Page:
I thought about doing a build like yours but maybe putting in a couple of computer fans to keep air moving around...still thinking about how to keep the cells from degrading too much moisture is not their friend. it was a fun project but if the pannels only last through one winter, well...
     
  12. dolooper

    dolooper Coast Range, or thereabouts Well-Known Member

    Messages:
    433
    Likes Received:
    254
    Can you share about what your cost is on one of these? I'm thinking this as a possility for emergency power off of 12 volt batteries with an inverter. Been looking at some kits. It'd be nice to be able to keep a couple of deep cycles charged.
     
  13. Garg

    Garg east of portland metro Hold my beer..... watch this Bronze Supporter

    Messages:
    1,188
    Likes Received:
    1,002
    The batteries I am planning on using are about 100 doll hairs each. The inverter is about 200. It is a 1K watt pure sign wave type.
    I will have about 150 each into each panel, worst case, and 33 bucks for the charge controller, so to get one up and running, I am guessing about 400 ish doll hairs. When I get all 4 panels running just add 150 per panel. the battery(s) I am contemplating is:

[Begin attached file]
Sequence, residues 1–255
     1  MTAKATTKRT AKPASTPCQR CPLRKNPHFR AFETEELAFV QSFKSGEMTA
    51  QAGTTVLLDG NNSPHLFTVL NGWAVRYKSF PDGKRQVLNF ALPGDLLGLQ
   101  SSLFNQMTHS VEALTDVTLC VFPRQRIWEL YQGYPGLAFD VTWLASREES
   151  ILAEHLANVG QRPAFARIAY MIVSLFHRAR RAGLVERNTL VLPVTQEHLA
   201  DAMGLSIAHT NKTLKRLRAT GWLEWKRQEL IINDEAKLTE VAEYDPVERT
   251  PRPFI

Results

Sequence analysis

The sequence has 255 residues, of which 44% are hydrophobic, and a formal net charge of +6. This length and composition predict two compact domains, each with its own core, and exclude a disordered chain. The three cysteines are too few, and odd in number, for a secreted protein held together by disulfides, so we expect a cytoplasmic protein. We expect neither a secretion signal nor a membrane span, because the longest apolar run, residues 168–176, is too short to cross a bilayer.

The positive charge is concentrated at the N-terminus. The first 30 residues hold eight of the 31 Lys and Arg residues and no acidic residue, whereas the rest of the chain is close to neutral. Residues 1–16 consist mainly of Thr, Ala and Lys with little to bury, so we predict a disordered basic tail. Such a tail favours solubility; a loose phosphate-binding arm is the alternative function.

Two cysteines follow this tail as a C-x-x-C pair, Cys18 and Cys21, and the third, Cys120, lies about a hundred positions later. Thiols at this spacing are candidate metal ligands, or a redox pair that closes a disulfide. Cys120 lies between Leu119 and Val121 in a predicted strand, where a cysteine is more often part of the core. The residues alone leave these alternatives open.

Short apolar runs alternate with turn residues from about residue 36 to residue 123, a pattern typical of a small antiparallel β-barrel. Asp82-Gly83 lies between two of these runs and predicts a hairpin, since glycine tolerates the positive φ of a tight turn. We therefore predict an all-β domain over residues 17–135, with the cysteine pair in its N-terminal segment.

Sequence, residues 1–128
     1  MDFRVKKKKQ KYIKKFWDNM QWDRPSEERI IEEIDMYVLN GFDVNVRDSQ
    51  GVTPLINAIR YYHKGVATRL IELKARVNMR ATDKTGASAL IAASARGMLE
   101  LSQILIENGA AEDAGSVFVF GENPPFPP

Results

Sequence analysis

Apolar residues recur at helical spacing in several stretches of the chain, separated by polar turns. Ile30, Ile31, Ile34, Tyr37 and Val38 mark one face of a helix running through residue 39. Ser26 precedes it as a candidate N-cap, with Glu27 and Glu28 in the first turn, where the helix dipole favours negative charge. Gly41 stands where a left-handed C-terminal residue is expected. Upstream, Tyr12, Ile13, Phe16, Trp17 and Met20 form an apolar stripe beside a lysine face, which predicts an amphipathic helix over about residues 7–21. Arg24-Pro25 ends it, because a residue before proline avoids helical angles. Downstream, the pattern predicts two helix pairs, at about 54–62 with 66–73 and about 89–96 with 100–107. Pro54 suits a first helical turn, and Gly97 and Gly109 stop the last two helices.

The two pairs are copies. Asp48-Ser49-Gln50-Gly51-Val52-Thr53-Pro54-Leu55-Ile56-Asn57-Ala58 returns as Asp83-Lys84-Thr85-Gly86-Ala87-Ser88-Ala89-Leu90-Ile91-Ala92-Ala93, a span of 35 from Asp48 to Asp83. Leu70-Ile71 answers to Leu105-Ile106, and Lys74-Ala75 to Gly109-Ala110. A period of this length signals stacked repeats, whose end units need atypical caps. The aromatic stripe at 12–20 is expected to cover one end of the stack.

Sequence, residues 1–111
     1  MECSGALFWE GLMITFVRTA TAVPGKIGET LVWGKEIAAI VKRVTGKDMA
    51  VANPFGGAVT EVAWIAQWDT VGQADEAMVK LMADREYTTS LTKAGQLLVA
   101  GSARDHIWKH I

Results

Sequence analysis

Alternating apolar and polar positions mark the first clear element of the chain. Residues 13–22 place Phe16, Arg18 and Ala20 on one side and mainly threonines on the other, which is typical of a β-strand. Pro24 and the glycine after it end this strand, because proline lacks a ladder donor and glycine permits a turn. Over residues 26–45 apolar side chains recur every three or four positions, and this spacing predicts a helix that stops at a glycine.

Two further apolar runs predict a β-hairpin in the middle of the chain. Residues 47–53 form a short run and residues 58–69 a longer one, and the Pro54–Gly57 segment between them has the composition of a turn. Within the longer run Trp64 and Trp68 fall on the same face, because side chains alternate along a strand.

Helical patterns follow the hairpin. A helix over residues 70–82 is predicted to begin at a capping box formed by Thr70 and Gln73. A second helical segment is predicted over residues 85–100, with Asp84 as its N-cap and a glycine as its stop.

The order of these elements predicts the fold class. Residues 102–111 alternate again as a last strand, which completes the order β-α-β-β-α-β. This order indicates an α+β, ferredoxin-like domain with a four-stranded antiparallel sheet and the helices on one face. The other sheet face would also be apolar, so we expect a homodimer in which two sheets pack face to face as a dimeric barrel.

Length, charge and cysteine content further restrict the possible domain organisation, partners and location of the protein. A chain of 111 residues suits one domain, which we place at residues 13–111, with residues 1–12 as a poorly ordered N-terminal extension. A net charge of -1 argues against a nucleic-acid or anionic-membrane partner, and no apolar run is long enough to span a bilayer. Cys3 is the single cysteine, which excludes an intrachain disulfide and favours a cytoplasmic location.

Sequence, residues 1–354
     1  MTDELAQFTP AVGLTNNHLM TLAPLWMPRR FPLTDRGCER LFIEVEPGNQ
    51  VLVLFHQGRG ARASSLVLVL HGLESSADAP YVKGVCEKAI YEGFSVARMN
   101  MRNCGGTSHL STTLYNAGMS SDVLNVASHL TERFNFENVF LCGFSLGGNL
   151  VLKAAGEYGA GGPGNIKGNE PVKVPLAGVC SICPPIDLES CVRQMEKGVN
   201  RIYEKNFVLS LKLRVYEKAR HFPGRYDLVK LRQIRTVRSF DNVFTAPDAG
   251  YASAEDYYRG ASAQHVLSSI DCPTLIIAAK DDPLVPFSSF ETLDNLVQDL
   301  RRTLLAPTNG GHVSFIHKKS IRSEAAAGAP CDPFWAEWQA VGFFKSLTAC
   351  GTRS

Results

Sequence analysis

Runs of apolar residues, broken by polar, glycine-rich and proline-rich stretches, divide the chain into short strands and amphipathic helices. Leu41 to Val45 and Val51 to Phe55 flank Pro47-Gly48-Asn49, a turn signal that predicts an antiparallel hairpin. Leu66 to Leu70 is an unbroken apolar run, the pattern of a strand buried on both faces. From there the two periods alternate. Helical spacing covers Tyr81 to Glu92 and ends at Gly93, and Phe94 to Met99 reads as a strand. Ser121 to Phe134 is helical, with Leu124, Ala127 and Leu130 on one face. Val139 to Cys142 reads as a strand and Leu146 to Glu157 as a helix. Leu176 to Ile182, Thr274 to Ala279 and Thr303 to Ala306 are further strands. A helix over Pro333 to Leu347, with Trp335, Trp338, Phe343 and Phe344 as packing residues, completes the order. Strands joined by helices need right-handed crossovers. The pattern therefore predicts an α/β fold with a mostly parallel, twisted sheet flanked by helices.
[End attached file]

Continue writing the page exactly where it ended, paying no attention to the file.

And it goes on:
Duralast/685 CA marine deep cycle battery (24MD-DL) | Battery - Automotive and Marine | AutoZone.com
    The inverter is:
    Amazon.com: Sunforce 11240 1000-Watt Pure Sine Wave Inverter with Remote Control
    I am thinking maybe placing some descant packs into the panel for the moisture problem.
     
  14. Tactical Option

    Tactical Option Western Oregon Member

    Messages:
    67
    Likes Received:
    15
    Nice job! Thanks for posting this. I look forward to seeing the finished product.
     
  15. Garg

    Garg east of portland metro Hold my beer..... watch this Bronze Supporter

    Messages:
    1,188
    Likes Received:
    1,002
    Well... I know it's been a couple of months, Been very busy at work and whatnot, but I thought I would share the new status of my little solar project.

    1916voltsYaYphoto.jpg

    finishedpanel.jpg

    Turns out even here in Oregun, in the dead of winter, this little bad boy puts out the volts. 19.16 to be exact. Plenty to charge up the batteries and run an inverter from.:thumbup: